Fairness bubble issues are pushing Chinese language buyers from dwelling to Hong Kong

© Reuters.

By Luoyan Liu and Andrew Galbraith

SHANGHAI (Reuters) – As China's blue chip index approaches an all-time high, growing fears that bubbles are developing in some parts of the country's stock market are causing some investors to look for bargains in Hong Kong.

Retail investors have poured money into stocks through mutual funds, pushing valuations to multi-year or even record levels in sectors such as consumer, healthcare and new energy.

For example, the CSI New Energy Index is up 15% so far this year after more than doubling in 2020, thanks in part to China's promise of carbon neutrality.

(Chart: China's New Energy, Healthcare, and Consumer Stocks Rise as the country's blue-chip index approaches a record high. Https://' s% 20new% 20energy% 20healthcare% 20and% 20consumer% 20stocks% 20lead% 20gains% 20as% 20the% 20country & # 39; s% 20blue – chip% 20index% 20nears% 20a% 20record% 20high.jpg) (Graphic: Reviews of China Stock market darlings rise, https: // fingfx.'s%20stock%20market%20darlings%20surge.jpg)

"There are big bubbles in consumer, health and liquor stocks, with valuations of some of these stocks surpassing their previous record highs," said Dong Baozhen, chairman of Beijing-based private equity fund Lingtong Shengtai Investment Management.

"Your rally right now has nothing to do with fundamentals and carries enormous risk for investors," he added.

In the latest example of the retail hype, a Chinese mutual fund posted investor records worth $ 37 billion on its first day of sale.

(Graphic: China's mutual fund industry is growing fast,'s%20mutual%20fund%20industry%20grows%20rapidly.jpg)

The rise in share prices was fueled by foreign and domestic funds as Chinese authorities unleashed massive stimulus to deal with the blow of the COVID-19 pandemic and the country's economy recovered faster than others.

As concerns about frothy valuations mount, some investors are turning to cheaper Chinese stocks that are listed in Hong Kong, especially as the US stock exchanges delist these companies and American investors are forced to outsource their stocks.

"The (US) bans actually tell people what good assets are in Hong Kong," said Xia Tian, ​​general manager of Shanghai-based wealth management firm Minvest.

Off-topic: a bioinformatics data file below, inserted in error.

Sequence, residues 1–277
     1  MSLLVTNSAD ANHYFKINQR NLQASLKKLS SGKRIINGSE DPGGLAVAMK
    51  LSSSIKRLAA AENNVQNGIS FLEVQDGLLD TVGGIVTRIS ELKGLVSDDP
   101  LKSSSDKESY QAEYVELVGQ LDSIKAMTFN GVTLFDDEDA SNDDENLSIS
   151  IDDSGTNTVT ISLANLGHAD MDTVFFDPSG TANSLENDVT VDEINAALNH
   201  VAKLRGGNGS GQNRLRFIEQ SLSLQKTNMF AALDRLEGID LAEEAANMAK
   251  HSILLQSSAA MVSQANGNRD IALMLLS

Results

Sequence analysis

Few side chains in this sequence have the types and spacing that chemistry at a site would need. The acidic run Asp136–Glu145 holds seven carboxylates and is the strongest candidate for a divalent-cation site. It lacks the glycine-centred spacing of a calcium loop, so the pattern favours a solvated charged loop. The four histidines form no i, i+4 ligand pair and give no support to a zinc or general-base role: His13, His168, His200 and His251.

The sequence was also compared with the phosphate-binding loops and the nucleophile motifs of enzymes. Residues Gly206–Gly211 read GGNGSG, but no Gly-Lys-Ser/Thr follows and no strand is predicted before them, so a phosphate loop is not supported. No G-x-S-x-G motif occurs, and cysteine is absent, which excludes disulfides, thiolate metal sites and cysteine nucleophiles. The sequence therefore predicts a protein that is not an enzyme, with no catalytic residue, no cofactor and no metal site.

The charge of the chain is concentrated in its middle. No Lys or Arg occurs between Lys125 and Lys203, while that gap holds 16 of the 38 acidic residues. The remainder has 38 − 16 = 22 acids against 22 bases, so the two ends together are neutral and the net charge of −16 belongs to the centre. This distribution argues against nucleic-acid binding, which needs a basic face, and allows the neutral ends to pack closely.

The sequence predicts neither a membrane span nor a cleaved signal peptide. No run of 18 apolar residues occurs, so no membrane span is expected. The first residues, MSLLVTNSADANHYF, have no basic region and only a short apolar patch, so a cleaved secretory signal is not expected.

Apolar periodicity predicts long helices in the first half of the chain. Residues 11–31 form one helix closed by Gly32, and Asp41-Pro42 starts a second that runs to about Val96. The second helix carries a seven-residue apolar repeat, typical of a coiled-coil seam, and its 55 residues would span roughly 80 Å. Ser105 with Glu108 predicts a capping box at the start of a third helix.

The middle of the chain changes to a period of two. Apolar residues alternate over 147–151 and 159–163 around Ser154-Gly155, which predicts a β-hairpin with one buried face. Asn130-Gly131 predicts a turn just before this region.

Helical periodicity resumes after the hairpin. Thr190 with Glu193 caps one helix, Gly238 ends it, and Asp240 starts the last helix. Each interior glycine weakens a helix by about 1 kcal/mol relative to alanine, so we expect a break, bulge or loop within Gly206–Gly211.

Investors buying from the mainland to Hong Kong through Stock Connect hit a record high of HKD 26.6 billion ($ 3.43 billion) on Tuesday, and total southbound New Year purchases came in at Thursday, according to stock market data HKD 221.8 billion.

The Stock Connect program gives investors access to both markets when they invest in A-Shares in mainland and H-Shares in Hong Kong.

Morgan Stanley (NYSE 🙂 believes the robust flows into Hong Kong were due to mainland policymakers encouraging outbound investment and an increased premium for domestic A-shares over Hong Kong-listed H-shares. China-listed A-shares of companies currently trade at a premium of more than 30% over their Hong Kong-listed stocks.

(Graphic: Mainland investors are looking for bargains in Hong Kong,


The rally in China's A-share market was also driven by foreign investment. As of Thursday, foreign investors had bought A-shares through Stock Connect this year for a total of 48.7 billion yuan ($ 7.53 billion), one-fifth of what they bought in 2020.

UBS anticipates inflows of 200 billion yuan into the A-share market in 2021. This translates into improved Chinese legal protections for investors, better information disclosure by major shareholders, and more capable leaders in various industries.

(Graphic: Foreign investors continued to buy A shares in 2020,

Some investors believe the onshore exuberance is justified given China's solid economic recovery, continued political support, and further opening of capital markets.

"There's no foam in leading large-cap stocks seen as safer bets as China drives registration-based IPO reforms in the market," said Wang Mingli, executive director of Youpu Investment, a Shanghai-based private equity fund.

"Investors would come back later if they cut exposure for the time being as there are few options that reflect the country's future economic development," he added.

($ 1 = 6.4676)

($ 1 = 7.7517 Hong Kong dollars)

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